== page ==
'Manage waste, reduce emissions, and pay fair wages’:Joanne Stoker

December 6, 2022

Running a climate-friendly and ethical business is about waste management, reducing emissions, supporting communities, and paying a fair and decent wage, asserted Joanne Stoker, in an interview with the EthicalX team.

Joanne is the founder of her own brand, noadstore. She also works as a design, styling and creative direction consultant and a fashion and design lecturer at the Academy of Design in Colombo. 


Following are excerpts of the interview:

1. What does climate-friendly business and ethical fashion mean to you?

 A climate-friendly business, firstly, is about waste and waste management – from not wasting fabric to making sure the patterns you cut are all zero-waste with the use of reclaimed fabrics. Secondly, it’s about reducing emissions by not importing fabrics but using what is available in the market. 

 The ethical component to me is making sure the people working in the company get paid properly. I don’t work in factory manufacturing. I work with ladies in their homes who cannot go out to work because of the pandemic or because of their children. It is about supporting communities and ethically paying a fair and decent wage to suit the market with wage increases considering the status of the economy, so they are able to buy products and basic necessities.


2. What measures have you taken to make your business more sustainable, ethical, and climate friendly?

 Firstly, I use reclaimed fabrics and upcycled fabrics which come from deadstock factory waste and I also use what is locally available in the market. I purchase cotton that comes from a shirt factory, which I buy from wholesalers. I also work with AMMA to obtain plant-dyed, handwoven fabric from Nuwara Eliya. Furthermore, I use imported organic cotton which comes from Bali and bamboo fabric, which is locally produced in Sri Lanka.

 I also use zero-waste pattern cutting to use all the fabric and colour blocks within the design, using as much of the fabric as possible so there is no waste. I do all of the designs digitally so there is no paper waste. I also make sure the communication is done digitally; workers use WhatsApp from their homes to communicate. Even in delivery we send in bulk and not individually, which is applicable to exports as well. We send to concept stores in Dubai where they do batch orders for customers.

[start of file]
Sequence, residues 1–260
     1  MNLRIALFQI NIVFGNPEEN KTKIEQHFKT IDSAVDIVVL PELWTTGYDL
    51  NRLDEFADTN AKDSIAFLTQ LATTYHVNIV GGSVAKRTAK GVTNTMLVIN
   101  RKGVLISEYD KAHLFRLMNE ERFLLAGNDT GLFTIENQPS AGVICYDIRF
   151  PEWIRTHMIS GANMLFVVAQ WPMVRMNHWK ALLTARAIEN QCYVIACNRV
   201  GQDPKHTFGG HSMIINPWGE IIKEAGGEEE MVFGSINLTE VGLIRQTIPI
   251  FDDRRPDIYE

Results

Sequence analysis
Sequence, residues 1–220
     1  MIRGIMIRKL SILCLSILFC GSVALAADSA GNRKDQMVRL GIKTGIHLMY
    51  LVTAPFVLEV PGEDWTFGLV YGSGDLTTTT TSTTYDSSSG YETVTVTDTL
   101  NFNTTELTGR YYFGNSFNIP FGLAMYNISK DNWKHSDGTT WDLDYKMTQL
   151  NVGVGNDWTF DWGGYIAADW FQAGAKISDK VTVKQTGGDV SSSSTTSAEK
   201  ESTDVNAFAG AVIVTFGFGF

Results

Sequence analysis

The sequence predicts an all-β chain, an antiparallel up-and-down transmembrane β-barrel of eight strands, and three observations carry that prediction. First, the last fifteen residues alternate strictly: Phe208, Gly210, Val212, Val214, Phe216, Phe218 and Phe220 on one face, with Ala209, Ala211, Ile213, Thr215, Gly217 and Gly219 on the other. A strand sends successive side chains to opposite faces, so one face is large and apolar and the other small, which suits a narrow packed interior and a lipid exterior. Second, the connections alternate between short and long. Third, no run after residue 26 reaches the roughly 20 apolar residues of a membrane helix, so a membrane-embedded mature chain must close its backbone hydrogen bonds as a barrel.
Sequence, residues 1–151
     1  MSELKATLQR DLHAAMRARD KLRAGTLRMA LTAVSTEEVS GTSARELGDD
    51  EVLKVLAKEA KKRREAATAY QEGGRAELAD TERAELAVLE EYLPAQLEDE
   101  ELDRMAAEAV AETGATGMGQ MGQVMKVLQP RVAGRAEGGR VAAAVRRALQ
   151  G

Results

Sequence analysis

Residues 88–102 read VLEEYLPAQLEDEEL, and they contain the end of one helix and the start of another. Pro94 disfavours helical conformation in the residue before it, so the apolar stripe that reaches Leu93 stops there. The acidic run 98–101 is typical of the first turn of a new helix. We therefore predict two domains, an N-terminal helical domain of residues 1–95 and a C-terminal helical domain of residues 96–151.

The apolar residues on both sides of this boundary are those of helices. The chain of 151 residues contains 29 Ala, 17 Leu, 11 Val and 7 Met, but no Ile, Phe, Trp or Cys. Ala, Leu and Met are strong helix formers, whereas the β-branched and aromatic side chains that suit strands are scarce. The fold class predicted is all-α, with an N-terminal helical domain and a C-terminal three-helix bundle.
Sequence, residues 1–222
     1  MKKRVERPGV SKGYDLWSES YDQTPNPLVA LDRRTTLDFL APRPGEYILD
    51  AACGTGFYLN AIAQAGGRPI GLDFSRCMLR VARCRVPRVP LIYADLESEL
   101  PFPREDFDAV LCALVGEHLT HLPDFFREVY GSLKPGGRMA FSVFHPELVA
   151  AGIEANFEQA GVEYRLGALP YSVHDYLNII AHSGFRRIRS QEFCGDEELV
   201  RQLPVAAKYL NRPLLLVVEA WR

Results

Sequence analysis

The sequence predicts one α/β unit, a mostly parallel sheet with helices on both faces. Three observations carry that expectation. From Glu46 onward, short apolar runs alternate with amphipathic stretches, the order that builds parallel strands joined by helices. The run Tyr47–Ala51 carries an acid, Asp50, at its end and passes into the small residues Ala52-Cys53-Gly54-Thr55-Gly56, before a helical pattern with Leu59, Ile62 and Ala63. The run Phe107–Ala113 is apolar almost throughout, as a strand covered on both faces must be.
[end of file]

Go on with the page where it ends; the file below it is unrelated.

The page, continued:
3. What are the key challenges that you have faced in your journey and how did you overcome them?

 The key challenge was building the brand around what’s available in terms of style. I use a lot of colours and that doesn’t work with every dress, so it’s all about designing things with the fabric I can get hold of. Export and import of fabric  have been quite difficult, especially in recent times, due to the situation here in Sri Lanka, exacerbated by the global fuel crisis. It’s quite expensive to import fabrics too.

 On the manufacturing side of things, building the brand, getting the patterns right, making sure they fit right, and maintaining consistency have also been challenging. There are many other obvious factors such as COVID-19, as I built the brand throughout the pandemic, so it’s all been developed with a group of people who have not met in person yet.


4. How does EthicalX help enhance your knowledge and skills on ethical, sustainable, and climate-friendly business enterprise?

EthicalX was really good to open up the mind to a range of things. It was nice to have lectures from other people. I teach fashion design and sustainability in fashion but more on the design side of things, so I got the opportunity to learn more about the business side of things, what’s happening in Sri Lanka on the business side, sustainable opportunities, digital opportunities available in Sri Lanka, and legislation. 

I also learned about developing communities, developing the product range further, and building on knowledge and contacts. It has been a good journey so far and EthicalX of SLYCAN can also be developed with time.

SLYCAN Trust launched the EthicalX programme in January 2022 to enhance Sri Lanka's start-up ecosystem and strengthen ethical, sustainable, and climate-friendly entrepreneurship on all levels. Through Climate & Innovation Hubs, EthicalX provides capacity-building and technical support for entrepreneurs at various stages of their business development.

The EthicalX Fashion Cell comprises talented and well-rounded entrepreneurs with a common interest in enhancing their capacities, expanding their network, and promoting sustainable practices through their enterprises.

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About the Author

SLYCAN Trust is a non-profit think tank. It has been a registered legal entity in the form of a trust since 2016, and a guarantee limited company since 2019. The entities focus on the thematic areas of climate change, adaptation and resilience, sustainable development, environmental conservation and restoration, social justice, and animal welfare. SLYCAN Trust’s activities include legal and policy research, education and awareness creation, capacity building and training, and implementation of ground level action. SLYCAN Trust aims to facilitate and contribute to multi-stakeholder driven, inclusive and participatory actions for a sustainable and resilient future for all.